Liver tissues were fixed in 4% buffered formaldehyde. Liver tissue sections (5 μm) were stained with hematoxylin and eosin (H&E) staining for assessment of inflammation and injury and Sirius Red staining for the extent of collagen deposition. Morphometric analysis was conducted with researcher blind to the treatment. We measured 15 randomly selected areas per sample and calculated the mean value of the percentage of inflammatory or fibrosis area accounting for total area. Morphometric analysis of H&E and Sirius Red staining was done using ImageJ 1.4 (NIH).
The results were expressed as mean ± standard error of the mean (SEM). Comparisons between two independent groups were performed using a two-sample t test. Comparisons between multiple groups were performed by one- or two-way ANOVA (analysis of variance) with post hoc Tukey’s multiple comparison tests when appropriate. Correlation coefficients were calculated by Pearson’s test. P < 0.05 was considered to be significant. All in vitro experiments were executed duplicable and repeated three times. The animal experiments were conducted with six mice in each group.
Significant neutrophil infiltration and NET formation occur in the liver of MCDHF-fed mice
At first, we investigated the dynamic change of neutrophil marker Ly6g messenger RNA (mRNA) expression in the liver of mice treated with MCDHF diet at different time points. The results showed that Ly6g mRNA expression was upregulated from 7 days after treated with MCDHF diet (Fig. 1a), and then dramatically decreased after 14 days. Further, FACS analysis revealed that the percentage of Ly6G+ neutrophils (control group: 6.40%; MCDHF group: 17.22%) in nonparenchymal cells was elevated obviously at 14 days in the liver of MCDHF-treated mice (Fig. 1b, c). These data indicate that numerous neutrophils are recruited to injured liver and participate in the early stage of inflammatory response during chronic liver injury.
To clarify the origin of neutrophils recruited to the injured liver, we performed a genetic EGFP-labeled BM cell transplantation to the mice that had been lethally irradiated. Then, the chimeric mice received MCDHF diet for 14 days. We isolated hepatic nonparenchymal cells from the liver tissue and detected Ly6G+ cells by FACS. Among Ly6G+ cells, the percentage of EGFP+ cells nearly reached 100% in each group (Fig. 1d, e), indicating that the recruited neutrophils were mostly derived from the BM in the damaged liver.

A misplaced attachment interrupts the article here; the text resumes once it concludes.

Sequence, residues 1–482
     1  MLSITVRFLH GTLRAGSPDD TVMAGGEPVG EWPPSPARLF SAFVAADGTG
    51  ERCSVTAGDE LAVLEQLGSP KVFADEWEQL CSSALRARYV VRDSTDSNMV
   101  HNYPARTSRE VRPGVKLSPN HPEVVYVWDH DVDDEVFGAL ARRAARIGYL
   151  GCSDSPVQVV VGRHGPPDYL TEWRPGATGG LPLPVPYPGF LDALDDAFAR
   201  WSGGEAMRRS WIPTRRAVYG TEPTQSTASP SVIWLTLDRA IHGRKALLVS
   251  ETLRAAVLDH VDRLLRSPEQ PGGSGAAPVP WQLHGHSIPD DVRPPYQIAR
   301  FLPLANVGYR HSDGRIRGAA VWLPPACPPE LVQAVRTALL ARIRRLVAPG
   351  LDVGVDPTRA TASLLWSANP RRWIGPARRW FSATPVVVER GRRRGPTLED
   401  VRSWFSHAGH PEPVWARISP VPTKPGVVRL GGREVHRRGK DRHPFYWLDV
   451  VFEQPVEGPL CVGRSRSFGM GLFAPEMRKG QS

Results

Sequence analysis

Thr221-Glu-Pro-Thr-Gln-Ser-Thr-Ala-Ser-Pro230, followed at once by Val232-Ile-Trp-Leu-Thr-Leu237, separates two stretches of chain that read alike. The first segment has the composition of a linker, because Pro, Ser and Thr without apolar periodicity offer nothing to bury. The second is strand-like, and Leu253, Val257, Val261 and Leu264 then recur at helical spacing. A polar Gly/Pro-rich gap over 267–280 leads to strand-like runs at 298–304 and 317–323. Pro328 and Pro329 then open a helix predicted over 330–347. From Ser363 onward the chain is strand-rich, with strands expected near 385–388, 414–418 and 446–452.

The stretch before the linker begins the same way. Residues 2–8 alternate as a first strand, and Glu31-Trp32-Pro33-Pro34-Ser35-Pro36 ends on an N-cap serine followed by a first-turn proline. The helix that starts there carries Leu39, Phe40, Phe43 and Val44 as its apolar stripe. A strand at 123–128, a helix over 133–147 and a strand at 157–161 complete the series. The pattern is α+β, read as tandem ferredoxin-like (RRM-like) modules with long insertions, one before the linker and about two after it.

We then examined the activities of the infiltrated neutrophils. An increased protein expression of Cit-H3, a specific marker of NETs, was detected in the liver of mice treated with MCDHF diet for 7 days. Similar to Ly6g mRNA expression in the liver, Cit-H3 expression gradually decreased after 28 days and returned to baseline at 56 days (Fig. 1f, g), implying that neutrophils were activated to undergo NETosis during the initial period. Altogether, these results demonstrate that BM neutrophil recruitment and NET formation occur in the early stage of fatty liver injury.
Depletion of NETs by DNase I protects liver from MCDHF-induced injury
Next, we assessed the key role of neutrophil activation in chronic liver inflammation. We manipulated an intraperitoneal injection of DNase I to disrupt the DNA strands comprising the structure of NETs28. Circulating MPO-DNA complexes (NETs marker) were significantly reduced in the serum (Fig. 2a), demonstrating the efficacy of DNase I at depletion of NETs. Simultaneously, the depletion of NETs resulted in a significant reduction in hepatic mRNA expression of pro-inflammatory mediators, ALT and GGT levels in the serum, and mRNA expression of fibrosis hallmarks (Fig. 2b–d). In line with RT-qPCR results, H&E and Sirius Red staining showed that inflammation and collagen deposition were markedly attenuated (Fig. 2e–h). In sum, these data provide evidence that elimination of NET formation protects the liver from MCDHF-induced liver damage.
Hallmarks of neutrophil activation correlate positively with SphK1/S1P in the MCDHF-fed mice